Wal-Mart Stores Inc. has a long list of reasons why its customers aren't spending as much as hoped: the expiration of the payroll tax cut in January, the November rollback of food-stamp benefits and continued uncertainty in Washington. Now, the world's largest retailer is hinting at a new one: the looming individual mandate to buy health insurance under the Affordable Care Act (Banjo, 11/17).

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Capitol Hill Watch

Furor Over Health Law May Alter 2014 Campaign Calculus

Media outlets analyze the impact of public anger over the troubled implementation of the health law on prospects for congressional deals on immigration reform and the budget, as well as on 2014 election campaigns.

The Wall Street Journal: Health Law Fracas Leaves Congress In Limbo
Furor over the botched implementation of President Barack Obama's health care law has allowed Congress to engage in a familiar activity: procrastination. Prospects already were dim for substantial legislation in the dwindling days of 2013, but the headline-grabbing fights over the federal health exchange and canceled insurance policies have given House Republicans no incentive to change the subject. The issue has drowned out talk of an immigration overhaul, taken the focus off high-stakes budget talks and stalled efforts to rewrite the tax code (Peterson and McKinnon, 11/17).

The Associated Press: GOP Sees Health Care Law As Big 2014 Opportunity
In his West Virginia district, the TV ads attacking Democratic Rep. Nick Rahall over the calamitous startup of President Barack Obama's health care law have already begun. The 19-term veteran, a perennial target in a GOP-shifting state, is among many in the president's party who have recited to constituents Obama's assurance that they could keep insurance coverage they liked under the 2010 overhaul. ... Rahall was among 39 Democrats who, despite an Obama veto threat, voted Friday for a GOP measure that would let insurers continue selling policies to individuals that fall short of the health care law's requirements. ... Republicans are emboldened by Obama's reversal and the Democrats' scramble for cover (Fram, 11/16).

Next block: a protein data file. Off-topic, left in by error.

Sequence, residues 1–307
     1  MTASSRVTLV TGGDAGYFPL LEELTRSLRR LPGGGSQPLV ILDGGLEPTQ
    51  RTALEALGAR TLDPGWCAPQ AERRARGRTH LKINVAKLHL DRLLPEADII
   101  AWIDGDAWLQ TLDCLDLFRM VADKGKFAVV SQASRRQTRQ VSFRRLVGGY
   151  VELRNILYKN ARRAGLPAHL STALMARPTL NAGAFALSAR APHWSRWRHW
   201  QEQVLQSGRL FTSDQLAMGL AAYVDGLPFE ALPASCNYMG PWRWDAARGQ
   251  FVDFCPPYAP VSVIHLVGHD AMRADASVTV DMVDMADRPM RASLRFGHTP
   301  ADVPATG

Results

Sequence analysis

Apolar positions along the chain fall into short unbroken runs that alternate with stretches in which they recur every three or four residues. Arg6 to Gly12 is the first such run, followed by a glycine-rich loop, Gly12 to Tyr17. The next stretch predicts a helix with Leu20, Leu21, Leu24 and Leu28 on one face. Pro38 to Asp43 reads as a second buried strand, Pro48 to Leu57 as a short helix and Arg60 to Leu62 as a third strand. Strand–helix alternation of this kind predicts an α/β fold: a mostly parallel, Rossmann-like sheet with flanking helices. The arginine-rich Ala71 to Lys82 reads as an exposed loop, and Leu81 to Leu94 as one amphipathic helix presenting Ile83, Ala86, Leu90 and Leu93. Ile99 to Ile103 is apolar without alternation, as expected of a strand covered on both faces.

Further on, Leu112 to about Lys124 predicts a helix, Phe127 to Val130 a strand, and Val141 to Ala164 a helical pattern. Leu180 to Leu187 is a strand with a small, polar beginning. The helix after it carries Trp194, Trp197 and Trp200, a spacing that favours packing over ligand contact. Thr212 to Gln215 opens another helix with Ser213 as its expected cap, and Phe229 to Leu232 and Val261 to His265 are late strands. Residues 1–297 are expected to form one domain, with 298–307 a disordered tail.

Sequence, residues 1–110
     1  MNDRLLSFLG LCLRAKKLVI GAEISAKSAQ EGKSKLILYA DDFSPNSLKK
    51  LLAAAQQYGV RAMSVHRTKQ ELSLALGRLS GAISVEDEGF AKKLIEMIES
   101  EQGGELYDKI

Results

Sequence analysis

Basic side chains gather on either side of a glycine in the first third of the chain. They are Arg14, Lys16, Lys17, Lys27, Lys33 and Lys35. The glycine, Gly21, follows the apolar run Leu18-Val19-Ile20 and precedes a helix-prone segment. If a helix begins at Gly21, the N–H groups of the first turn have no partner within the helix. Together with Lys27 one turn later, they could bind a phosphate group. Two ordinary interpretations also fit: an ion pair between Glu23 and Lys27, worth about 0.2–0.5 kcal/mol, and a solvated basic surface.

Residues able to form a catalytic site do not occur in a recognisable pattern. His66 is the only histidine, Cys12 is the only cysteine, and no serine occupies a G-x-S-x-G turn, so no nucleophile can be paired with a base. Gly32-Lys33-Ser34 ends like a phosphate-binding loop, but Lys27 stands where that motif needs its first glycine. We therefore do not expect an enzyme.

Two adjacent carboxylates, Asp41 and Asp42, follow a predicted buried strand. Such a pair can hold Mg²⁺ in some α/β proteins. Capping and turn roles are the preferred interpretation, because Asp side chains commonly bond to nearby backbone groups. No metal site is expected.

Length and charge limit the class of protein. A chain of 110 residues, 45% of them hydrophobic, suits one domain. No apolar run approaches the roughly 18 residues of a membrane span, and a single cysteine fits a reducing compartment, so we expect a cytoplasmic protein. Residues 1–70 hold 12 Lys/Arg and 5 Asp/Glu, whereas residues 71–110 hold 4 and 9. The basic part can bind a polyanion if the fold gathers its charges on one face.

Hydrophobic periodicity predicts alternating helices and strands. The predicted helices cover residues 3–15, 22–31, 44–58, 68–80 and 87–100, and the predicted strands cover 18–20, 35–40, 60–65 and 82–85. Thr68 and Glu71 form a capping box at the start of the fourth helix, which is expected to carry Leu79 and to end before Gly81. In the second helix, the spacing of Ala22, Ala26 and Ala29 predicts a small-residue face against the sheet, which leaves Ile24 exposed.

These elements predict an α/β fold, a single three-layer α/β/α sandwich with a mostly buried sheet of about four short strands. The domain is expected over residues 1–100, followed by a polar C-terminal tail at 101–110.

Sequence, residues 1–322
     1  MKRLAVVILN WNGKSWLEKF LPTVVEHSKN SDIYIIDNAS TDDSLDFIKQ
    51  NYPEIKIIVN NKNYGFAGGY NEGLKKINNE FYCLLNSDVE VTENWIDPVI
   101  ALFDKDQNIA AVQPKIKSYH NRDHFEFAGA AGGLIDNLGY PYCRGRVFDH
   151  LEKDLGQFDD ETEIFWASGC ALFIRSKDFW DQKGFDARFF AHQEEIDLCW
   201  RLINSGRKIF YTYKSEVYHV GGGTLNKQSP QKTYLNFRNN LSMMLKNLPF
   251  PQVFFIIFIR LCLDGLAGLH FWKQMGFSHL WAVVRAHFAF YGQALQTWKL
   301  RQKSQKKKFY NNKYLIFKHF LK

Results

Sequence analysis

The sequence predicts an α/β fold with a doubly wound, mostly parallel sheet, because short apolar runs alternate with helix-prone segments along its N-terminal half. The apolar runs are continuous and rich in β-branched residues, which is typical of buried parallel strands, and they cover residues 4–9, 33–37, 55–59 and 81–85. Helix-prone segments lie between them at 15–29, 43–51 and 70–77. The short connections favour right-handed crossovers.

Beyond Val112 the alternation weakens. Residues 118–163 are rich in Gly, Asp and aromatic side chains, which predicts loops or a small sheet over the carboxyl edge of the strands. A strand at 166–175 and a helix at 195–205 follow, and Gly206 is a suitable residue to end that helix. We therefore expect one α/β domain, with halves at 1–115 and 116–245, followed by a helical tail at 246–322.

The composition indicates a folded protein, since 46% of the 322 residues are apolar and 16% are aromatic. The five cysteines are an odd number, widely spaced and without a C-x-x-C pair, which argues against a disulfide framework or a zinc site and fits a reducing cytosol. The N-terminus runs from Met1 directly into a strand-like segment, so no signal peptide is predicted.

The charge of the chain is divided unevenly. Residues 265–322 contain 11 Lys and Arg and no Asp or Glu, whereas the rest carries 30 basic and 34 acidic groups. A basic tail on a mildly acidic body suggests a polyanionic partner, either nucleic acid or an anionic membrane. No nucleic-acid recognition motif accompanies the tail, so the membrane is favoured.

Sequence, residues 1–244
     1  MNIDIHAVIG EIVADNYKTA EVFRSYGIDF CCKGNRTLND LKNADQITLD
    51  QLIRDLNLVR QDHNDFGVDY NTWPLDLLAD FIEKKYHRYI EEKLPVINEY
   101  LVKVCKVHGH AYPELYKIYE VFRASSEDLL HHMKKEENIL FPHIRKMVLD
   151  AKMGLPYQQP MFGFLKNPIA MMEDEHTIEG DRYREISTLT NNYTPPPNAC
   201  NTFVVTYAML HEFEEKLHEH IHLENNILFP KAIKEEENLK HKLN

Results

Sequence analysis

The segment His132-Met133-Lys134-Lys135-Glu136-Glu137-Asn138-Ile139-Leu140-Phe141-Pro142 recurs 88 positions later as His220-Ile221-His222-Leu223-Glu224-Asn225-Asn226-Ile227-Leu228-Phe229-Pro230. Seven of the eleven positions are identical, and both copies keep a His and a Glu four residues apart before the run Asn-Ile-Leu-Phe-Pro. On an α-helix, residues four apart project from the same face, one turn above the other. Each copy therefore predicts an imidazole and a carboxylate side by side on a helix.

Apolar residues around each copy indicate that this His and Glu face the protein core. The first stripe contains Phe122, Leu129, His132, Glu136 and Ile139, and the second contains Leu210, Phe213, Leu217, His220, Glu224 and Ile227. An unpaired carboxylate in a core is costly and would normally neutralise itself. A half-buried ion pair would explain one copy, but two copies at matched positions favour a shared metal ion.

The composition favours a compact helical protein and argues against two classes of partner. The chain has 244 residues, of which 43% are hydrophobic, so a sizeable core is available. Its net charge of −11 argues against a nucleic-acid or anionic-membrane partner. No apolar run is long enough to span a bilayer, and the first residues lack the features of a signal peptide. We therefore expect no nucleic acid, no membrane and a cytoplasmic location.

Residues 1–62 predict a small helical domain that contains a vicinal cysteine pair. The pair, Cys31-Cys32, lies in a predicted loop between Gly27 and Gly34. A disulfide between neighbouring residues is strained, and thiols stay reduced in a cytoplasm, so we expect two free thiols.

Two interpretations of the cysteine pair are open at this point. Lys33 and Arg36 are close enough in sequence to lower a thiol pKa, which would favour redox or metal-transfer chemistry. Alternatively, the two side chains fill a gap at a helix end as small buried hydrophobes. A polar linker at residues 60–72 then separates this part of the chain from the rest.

The Washington Post: Health Care Law Has Changed Game For Democrats Looking To 2014 Election
Few places may better explain how the bungled launch of President Obama’s health care law has scrambled the political landscape for Democrats than this hamlet north of Philadelphia. Democrats have been hoping to capitalize on the political fallout for the GOP from the recent government shutdown. If they can do so anywhere, it should be in the suburbs north and west of the city where three adjoining congressional districts represent a confluence of Democratic Party ambitions for the 2014 midterm elections. ... The recent debacle over Healthcare.gov's rollout may have narrowed whatever perceived advantages Democratic candidates may have had over Republican opponents. In some minds, the health-care law’s flubs have merged with the government shutdown to render an unfavorable verdict on all of Washington (O'Keefe and Kane, 11/16).